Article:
Coin miners remediation workflow

Follow these steps to remediate a coin miner attack.

Introduction

Coin miners are executable files that steal CPU cycles and RAM to do the mining calculations for various cryptocurrencies. These malware variants are usually very stealthy because they don’t want to cause explicit harm, so they can keep the mining in the background on a device. The most common symptom is a significant degradation in a device's performance.

Confirm if it's a coin miner

First, you need to determine if you're dealing with a coin miner or some other Windows Management Instrumentation (WMI) persistence based infection. To confirm you have a coin miner infection, do as follows:

Use Microsoft Autoruns to find the infection. See How to use Microsoft Autoruns to locate undetected malware.

An entry shows in the WMI tab.

The screenshot below shows an example of a coin miner.


Example coin miner

Update and patch your systems

Make sure that all your devices have the latest Windows security patches. You must make sure that you include the patch for the EternalBlue exploit.

EternalBlue is an exploit that takes advantage of a vulnerability in Microsoft SMB, which was used notably by the WannaCry ransomware to spread. Various malware families now use it. Patching devices and removing this infection vector makes it harder for coin miners and protects you against other malware using EternalBlue.

Microsoft released the patch for EternalBlue in Microsoft update: MS17-010. The official Microsoft article explains how to verify if a computer has the patch. See How to verify that MS17-010 is installed.

Sophos has a simple PowerShell script that you can run on individual devices to confirm if they have the patch. For more information about this, see How to Verify if a Machine is Vulnerable to EternalBlue - MS17-010.

To patch and update your devices, do as follows:

  1. Check if your devices are vulnerable to EternalBlue.
  2. Update your devices with the latest Windows security patches.
  3. Use these PowerShell commands to pull event filter, event consumer and filter consumer binding information from the WMI database.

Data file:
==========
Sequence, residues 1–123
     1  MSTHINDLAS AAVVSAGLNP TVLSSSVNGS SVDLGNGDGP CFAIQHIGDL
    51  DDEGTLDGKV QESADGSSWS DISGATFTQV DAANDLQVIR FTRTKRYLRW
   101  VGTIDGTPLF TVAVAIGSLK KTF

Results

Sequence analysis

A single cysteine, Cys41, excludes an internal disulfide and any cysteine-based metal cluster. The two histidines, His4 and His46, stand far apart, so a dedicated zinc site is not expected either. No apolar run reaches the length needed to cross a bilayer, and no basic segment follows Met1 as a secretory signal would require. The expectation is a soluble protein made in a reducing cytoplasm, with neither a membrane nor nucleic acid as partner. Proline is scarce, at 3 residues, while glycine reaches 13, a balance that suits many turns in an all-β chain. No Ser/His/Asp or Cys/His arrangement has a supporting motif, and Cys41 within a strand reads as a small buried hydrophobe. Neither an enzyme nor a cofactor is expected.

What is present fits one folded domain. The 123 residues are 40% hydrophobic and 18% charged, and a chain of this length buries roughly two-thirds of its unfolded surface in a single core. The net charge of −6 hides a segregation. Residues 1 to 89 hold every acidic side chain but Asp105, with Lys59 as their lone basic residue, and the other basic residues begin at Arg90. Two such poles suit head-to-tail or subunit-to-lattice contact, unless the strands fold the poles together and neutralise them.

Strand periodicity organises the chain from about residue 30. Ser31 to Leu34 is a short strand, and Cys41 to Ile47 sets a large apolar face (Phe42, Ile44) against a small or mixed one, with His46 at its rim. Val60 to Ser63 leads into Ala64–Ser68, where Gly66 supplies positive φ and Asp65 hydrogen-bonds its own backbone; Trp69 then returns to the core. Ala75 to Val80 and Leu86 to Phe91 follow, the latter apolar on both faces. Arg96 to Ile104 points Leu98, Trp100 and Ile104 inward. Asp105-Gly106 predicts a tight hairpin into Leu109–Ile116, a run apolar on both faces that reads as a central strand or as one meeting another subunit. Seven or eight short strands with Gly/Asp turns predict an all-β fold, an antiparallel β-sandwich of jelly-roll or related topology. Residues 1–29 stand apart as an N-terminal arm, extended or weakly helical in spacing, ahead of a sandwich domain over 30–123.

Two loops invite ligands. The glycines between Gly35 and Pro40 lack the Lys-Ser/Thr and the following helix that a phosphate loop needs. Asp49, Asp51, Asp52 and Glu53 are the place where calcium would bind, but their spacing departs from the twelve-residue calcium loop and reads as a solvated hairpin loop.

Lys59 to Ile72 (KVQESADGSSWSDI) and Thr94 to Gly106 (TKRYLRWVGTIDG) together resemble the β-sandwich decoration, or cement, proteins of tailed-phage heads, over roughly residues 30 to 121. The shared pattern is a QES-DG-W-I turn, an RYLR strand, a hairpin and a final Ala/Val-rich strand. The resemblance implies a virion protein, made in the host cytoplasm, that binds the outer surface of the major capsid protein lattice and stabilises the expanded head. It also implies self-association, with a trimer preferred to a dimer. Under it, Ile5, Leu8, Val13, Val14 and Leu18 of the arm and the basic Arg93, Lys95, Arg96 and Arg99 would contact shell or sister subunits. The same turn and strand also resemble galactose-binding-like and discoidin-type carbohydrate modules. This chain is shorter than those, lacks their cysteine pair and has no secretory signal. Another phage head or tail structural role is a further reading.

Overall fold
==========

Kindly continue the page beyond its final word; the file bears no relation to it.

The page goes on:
• wmic /namespace:\\root\subscription PATH __EventFilter get/format:list > C:\EventFilter.txt
    • wmic /namespace:\\root\subscription PATH __EventConsumer get/format:list > C:\EventConsumer.txt
    • wmic /namespace:\\root\subscription PATH __FilterToConsumerBinding get/format:list > C:\FilterToConsumerBinding.txt
  4. Zip the resulting .txt files generated in C:\ and rename it to [Machine_Name_WMI].zip.
  5. Check your files against these examples from a clean device.

    EventFilter.txt

    CreatorSID={1,2,0,0,0,0,0,5,32,0,0,0,32,2,0,0}
    EventAccess=
    EventNamespace=root\cimv2
    Name=SCM Event Log Filter
    Query=select * from MSFT_SCMEventLogEvent
    QueryLanguage=WQL

    EventConsumer.txt

    Category=0
    CreatorSID={1,2,0,0,0,0,0,5,32,0,0,0,32,2,0,0}
    EventID=0
    EventType=1
    InsertionStringTemplates={""}
    MachineName=
    MaximumQueueSize=
    Name=SCM Event Log Consumer
    NameOfRawDataProperty=
    NameOfUserSIDProperty=sid
    NumberOfInsertionStrings=0
    SourceName=Service Control Manager
    UNCServerName=

    FilterToConsumerBinding.txt

    Consumer="NTEventLogEventConsumer.Name="SCM Event Log Consumer""
    CreatorSID={1,2,0,0,0,0,0,5,32,0,0,0,32,2,0,0}
    DeliverSynchronously=FALSE
    DeliveryQoS=
    Filter="__EventFilter.Name="SCM Event Log Filter""
    MaintainSecurityContext=FALSE
    SlowDownProviders=FALSE
  6. If your files contain different or more entries than those shown for a clean device, use these scripts to clean them.
    1. Find the appropriate information in the bold text and replace the required information in the following scripts and run them.
      Get-WMIObject -Namespace root\Subscription -Class __EventFilter -filter "Name= 'SCM Event Log Filter'" | Remove-WMIObject  -Verbose
      Get-WMIObject -Namespace root\Subscription -Class CommandLineEventConsumer -Filter "Name='SCM Events Log Consumer'" | Remove-WMIObject -Verbose
      wmic /NAMESPACE:"\\root\subscription" PATH __FilterToConsumerBinding WHERE "Filter=""__EventFilter.Name='SCM Events Log Filter'""" DELETE
      

Find the coin miner

A coin miner is either an executable file or a script in the form of a scheduled task or WMI entry.

  1. Use Microsoft Autoruns to determine what type of coin miner you have.
  2. If you have a malicious executable file, submit a sample. See Submit a Sample.

    When the signatures have been updated and released, Sophos automatically cleans it from all devices.

    If you can't find the executable file, contact Sophos MTR Rapid Response or Support.

  3. If you have a script, use the following articles to help deal with it.

Delete the coin miner

If you have a malicious executable file, you need to remove it.

Delete the detected files on all the infected devices.